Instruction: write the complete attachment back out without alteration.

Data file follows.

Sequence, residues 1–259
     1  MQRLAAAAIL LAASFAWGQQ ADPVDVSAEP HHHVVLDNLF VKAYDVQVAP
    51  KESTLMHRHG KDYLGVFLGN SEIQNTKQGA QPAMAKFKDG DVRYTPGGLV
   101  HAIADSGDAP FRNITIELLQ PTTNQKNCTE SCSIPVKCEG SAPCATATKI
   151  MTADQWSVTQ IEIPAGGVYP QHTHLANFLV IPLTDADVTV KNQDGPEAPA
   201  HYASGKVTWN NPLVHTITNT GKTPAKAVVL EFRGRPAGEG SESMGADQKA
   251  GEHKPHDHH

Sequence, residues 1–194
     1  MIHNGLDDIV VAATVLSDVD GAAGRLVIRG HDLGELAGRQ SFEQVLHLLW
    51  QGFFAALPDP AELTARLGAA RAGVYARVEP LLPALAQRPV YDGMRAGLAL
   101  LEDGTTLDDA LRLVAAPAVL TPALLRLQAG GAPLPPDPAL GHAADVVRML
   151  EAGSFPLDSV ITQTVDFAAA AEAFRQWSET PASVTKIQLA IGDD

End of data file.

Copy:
Sequence, residues 1–259
     1  MQRLAAAAIL LAASFAWGQQ ADPVDVSAEP HHHVVLDNLF VKAYDVQVAP
    51  KESTLMHRHG KDYLGVFLGN SEIQNTKQGA QPAMAKFKDG DVRYTPGGLV
   101  HAIADSGDAP FRNITIELLQ PTTNQKNCTE SCSIPVKCEG SAPCATATKI
   151  MTADQWSVTQ IEIPAGGVYP QHTHLANFLV IPLTDADVTV KNQDGPEAPA
   201  HYASGKVTWN NPLVHTITNT GKTPAKAVVL EFRGRPAGEG SESMGADQKA
   251  GEHKPHDHH

Sequence, residues 1–194
     1  MIHNGLDDIV VAATVLSDVD GAAGRLVIRG HDLGELAGRQ SFEQVLHLLW
    51  QGFFAALPDP AELTARLGAA RAGVYARVEP LLPALAQRPV YDGMRAGLAL
   101  LEDGTTLDDA LRLVAAPAVL TPALLRLQAG GAPLPPDPAL GHAADVVRML
   151  EAGSFPLDSV ITQTVDFAAA AEAFRQWSET PASVTKIQLA IGDD